• 9. The method of claim 1, wherein
      • heating the mixture in the furnace comprises
    • 10. The method of claim 1, wherein
      • heating the mixture in the furnace includes: increasing a temperature within the furnace at a first rate from an initial temperature to a peak temperature; maintaining the temperature within the furnace at the peak temperature during a peak temperature hold time; and decreasing the temperature within the furnace at a second rate from the peak temperature to a final temperature.
    • 13. The method of claim 1, wherein
      • heating the mixture in the furnace comprises
    • 15. The method of claim 1, wherein
      • the preparing the mixture that includes the first powder that contains barium, the second powder that contains calcium, the third powder that contains at least one of aluminum, samarium, or magnesium, and the fourth powder that contains the refractory metal is performed without at least one of: preparing an initial mixture that includes the first powder, the second powder, and the third powder without the fourth powder and preheating the initial mixture; or heating the mixture in a hydrogen atmosphere.
    • 16. The method of claim 1, wherein
      • the heating the mixture converts the mixture from a powder compound to a porous compound, the method further comprising:
  • 17
    17. A low work function insert, comprising:
    • a porous compound comprising a refractory metal uniformly distributed with a ceramic that includes, in aggregate, barium oxide, calcium oxide, and an other oxide, wherein: the other oxide includes at least one of aluminum oxide, samarium oxide, or magnesium oxide
    • and the refractory metal makes up at least 50% of the low work function insert by weight.
    • 18. The low work function insert of claim 17, wherein
      • : the other oxide includes aluminum oxide; the refractory metal comprises
  • 20
    20. An electron source, comprising:
    • an electron emitter
    • anda low work function insert coupled to the electron emitter, the low work function insert comprising:a porous compound comprising a refractory metal uniformly distributed with a ceramic that includes, in aggregate, barium oxide, calcium oxide, and an other oxide
    • the other oxide includes at least one of aluminum oxide, samarium oxide, or magnesium oxide
    • and the refractory metal makes up at least 50% of the low work function insert by weight.
    • 21. The electron source of claim 20, wherein
      • the electron emitter comprises
    • 23. The electron source of claim 20, wherein
      • : the electron source comprises
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Description

FIELD

Some embodiments described herein generally relate to a simplified formation process of a low work function insert.

BACKGROUND

Unless otherwise indicated herein, the materials described herein are not prior art to the claims in the present application and are not admitted to be prior art by inclusion in this section.

A hollow cathode device is an electron source used in plasma devices. Within a hollow cathode device, there is an insert, from which electrons are thermionically emitted. One type of insert consists of tungsten that is partially filled with barium oxide, calcium oxide, and aluminum oxide among lesser constituents. Cathode inserts with barium oxide, calcium oxide, and aluminum oxide may be referred to as barium calcium aluminate cathode inserts. Some methods for making barium calcium aluminate cathode inserts involve numerous processing steps.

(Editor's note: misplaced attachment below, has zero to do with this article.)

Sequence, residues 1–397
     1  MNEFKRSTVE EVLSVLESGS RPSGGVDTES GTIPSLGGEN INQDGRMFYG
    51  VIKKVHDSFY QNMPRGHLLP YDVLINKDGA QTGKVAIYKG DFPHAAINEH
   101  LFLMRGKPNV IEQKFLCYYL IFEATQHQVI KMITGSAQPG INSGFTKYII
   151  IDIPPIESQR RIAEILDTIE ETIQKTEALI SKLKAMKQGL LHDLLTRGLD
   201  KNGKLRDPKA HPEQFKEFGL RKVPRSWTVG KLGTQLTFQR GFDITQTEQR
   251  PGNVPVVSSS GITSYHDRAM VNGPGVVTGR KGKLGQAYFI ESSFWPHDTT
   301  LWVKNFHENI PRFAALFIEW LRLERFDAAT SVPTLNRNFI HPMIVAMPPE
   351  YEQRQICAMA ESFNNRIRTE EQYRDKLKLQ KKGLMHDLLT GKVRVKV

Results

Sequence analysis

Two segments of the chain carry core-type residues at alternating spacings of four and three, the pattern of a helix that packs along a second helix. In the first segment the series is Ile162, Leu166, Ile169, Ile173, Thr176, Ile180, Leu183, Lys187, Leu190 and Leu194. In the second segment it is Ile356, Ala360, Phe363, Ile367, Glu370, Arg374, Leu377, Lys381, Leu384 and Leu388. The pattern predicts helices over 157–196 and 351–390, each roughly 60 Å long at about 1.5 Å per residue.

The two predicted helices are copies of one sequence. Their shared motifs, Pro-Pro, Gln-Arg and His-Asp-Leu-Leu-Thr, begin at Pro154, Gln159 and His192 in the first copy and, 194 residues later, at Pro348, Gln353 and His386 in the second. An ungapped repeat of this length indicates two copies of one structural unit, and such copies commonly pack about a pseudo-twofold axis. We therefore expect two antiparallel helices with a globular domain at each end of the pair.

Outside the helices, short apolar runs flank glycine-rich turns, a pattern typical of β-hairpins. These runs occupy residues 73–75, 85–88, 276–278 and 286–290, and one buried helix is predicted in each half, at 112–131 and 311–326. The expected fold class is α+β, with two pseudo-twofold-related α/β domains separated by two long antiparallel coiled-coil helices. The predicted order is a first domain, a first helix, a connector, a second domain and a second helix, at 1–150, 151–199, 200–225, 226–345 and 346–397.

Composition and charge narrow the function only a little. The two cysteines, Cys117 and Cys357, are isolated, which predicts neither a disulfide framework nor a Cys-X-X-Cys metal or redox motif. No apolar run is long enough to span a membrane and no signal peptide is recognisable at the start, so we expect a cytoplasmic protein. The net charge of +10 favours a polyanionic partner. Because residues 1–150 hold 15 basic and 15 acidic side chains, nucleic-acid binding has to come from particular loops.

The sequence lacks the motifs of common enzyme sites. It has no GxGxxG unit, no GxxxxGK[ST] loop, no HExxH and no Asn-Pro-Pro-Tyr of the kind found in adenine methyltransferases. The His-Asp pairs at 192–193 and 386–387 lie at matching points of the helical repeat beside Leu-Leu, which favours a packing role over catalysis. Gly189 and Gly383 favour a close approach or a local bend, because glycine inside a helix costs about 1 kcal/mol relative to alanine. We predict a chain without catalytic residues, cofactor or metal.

One type of hollow cathode insert consists of a porous tungsten matrix that is separately prepared to be 70-80 percent dense and 30-20 percent porous with an open pore structure. The porous cavities in the tungsten matrix are filled with a low work function barium-calcium-aluminate ceramic in a high temperature hydrogen furnace where the ceramic is liquefied and then pulled into the pores. The porous tungsten treated this way is referred to as having been impregnated with ceramic. In subsequent operation, a low work function occurs on the surface of the tungsten if a monolayer or partial monolayer of atomic barium and oxygen atoms is present on the tungsten surface. During operation, barium and barium oxide are constantly supplied to the surface of the insert from the pores via the open pore structure. The barium and barium oxide are produced at the pores through chemical reactions between the ceramic and its lesser constituents and with the ceramic and the tungsten walls of the pores. The barium and barium oxide constantly evaporate from the surface of the tungsten as a result of the elevated operating temperature, but the aforementioned constant supply of barium and barium oxide from the interior regions of the insert continuously renew the surface so that the work function remains low. The addition of a small amount of scandium oxide into the ceramic can help convert the barium-calcium-aluminate mixture contained within each pore into barium and barium oxide without the need for intimate contact and chemical reaction with the tungsten walls of the pores.

The subject matter claimed herein is not limited to embodiments that solve any disadvantages or that operate only in environments such as those described above. Rather, this background is only provided to illustrate one exemplary technology area where some embodiments described herein may be practiced.

BRIEF SUMMARY OF SOME EXAMPLE EMBODIMENTS